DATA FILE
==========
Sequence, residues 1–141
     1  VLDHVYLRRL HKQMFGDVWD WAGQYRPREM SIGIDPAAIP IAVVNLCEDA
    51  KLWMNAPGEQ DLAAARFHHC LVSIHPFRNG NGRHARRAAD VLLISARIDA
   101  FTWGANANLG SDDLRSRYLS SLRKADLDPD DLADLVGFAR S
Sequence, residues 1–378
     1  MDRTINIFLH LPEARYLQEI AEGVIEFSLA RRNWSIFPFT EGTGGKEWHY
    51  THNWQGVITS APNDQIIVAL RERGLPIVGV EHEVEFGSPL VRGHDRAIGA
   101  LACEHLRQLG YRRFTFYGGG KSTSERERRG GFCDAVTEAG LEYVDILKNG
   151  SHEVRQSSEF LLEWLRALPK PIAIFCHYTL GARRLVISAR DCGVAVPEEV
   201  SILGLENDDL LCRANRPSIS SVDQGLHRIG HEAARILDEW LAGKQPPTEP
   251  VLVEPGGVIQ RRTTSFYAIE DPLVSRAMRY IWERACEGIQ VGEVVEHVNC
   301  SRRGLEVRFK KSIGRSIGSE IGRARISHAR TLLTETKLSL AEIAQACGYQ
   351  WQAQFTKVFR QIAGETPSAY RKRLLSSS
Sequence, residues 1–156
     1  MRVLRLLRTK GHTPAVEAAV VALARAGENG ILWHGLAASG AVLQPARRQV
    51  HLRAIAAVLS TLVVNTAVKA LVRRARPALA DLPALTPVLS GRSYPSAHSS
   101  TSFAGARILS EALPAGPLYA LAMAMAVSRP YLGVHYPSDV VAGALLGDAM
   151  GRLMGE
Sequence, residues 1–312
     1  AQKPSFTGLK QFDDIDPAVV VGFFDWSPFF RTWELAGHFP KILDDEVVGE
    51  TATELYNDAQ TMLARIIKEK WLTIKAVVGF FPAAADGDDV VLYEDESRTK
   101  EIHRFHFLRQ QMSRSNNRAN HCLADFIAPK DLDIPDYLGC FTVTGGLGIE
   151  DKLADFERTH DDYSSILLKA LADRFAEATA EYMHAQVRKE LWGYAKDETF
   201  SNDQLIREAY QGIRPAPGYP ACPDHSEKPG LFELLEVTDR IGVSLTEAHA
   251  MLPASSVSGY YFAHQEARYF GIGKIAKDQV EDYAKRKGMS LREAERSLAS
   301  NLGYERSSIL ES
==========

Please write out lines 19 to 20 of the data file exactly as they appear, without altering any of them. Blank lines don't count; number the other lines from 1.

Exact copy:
Sequence, residues 1–312
     1  AQKPSFTGLK QFDDIDPAVV VGFFDWSPFF RTWELAGHFP KILDDEVVGE